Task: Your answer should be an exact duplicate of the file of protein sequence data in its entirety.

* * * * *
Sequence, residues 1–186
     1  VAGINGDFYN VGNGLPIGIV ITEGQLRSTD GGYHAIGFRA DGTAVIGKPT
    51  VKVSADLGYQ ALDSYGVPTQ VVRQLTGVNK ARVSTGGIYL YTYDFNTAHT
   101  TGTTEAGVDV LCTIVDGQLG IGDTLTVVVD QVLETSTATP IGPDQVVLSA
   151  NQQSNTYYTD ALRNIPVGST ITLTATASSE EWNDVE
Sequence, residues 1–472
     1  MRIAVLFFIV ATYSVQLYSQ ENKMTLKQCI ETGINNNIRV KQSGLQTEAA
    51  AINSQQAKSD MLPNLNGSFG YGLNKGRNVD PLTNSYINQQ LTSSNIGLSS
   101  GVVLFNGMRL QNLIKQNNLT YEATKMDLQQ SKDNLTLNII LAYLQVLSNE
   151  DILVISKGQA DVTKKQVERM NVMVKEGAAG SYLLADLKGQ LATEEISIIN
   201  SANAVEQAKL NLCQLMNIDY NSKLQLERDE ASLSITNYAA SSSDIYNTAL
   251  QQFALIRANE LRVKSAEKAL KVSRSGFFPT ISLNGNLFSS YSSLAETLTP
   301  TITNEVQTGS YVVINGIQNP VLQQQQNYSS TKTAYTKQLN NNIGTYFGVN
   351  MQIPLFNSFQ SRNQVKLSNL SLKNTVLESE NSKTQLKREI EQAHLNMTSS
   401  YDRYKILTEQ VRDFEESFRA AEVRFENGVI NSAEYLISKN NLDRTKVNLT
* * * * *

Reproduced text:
Sequence, residues 1–186
     1  VAGINGDFYN VGNGLPIGIV ITEGQLRSTD GGYHAIGFRA DGTAVIGKPT
    51  VKVSADLGYQ ALDSYGVPTQ VVRQLTGVNK ARVSTGGIYL YTYDFNTAHT
   101  TGTTEAGVDV LCTIVDGQLG IGDTLTVVVD QVLETSTATP IGPDQVVLSA
   151  NQQSNTYYTD ALRNIPVGST ITLTATASSE EWNDVE
Sequence, residues 1–472
     1  MRIAVLFFIV ATYSVQLYSQ ENKMTLKQCI ETGINNNIRV KQSGLQTEAA
    51  AINSQQAKSD MLPNLNGSFG YGLNKGRNVD PLTNSYINQQ LTSSNIGLSS
   101  GVVLFNGMRL QNLIKQNNLT YEATKMDLQQ SKDNLTLNII LAYLQVLSNE
   151  DILVISKGQA DVTKKQVERM NVMVKEGAAG SYLLADLKGQ LATEEISIIN
   201  SANAVEQAKL NLCQLMNIDY NSKLQLERDE ASLSITNYAA SSSDIYNTAL
   251  QQFALIRANE LRVKSAEKAL KVSRSGFFPT ISLNGNLFSS YSSLAETLTP
   301  TITNEVQTGS YVVINGIQNP VLQQQQNYSS TKTAYTKQLN NNIGTYFGVN
   351  MQIPLFNSFQ SRNQVKLSNL SLKNTVLESE NSKTQLKREI EQAHLNMTSS
   401  YDRYKILTEQ VRDFEESFRA AEVRFENGVI NSAEYLISKN NLDRTKVNLT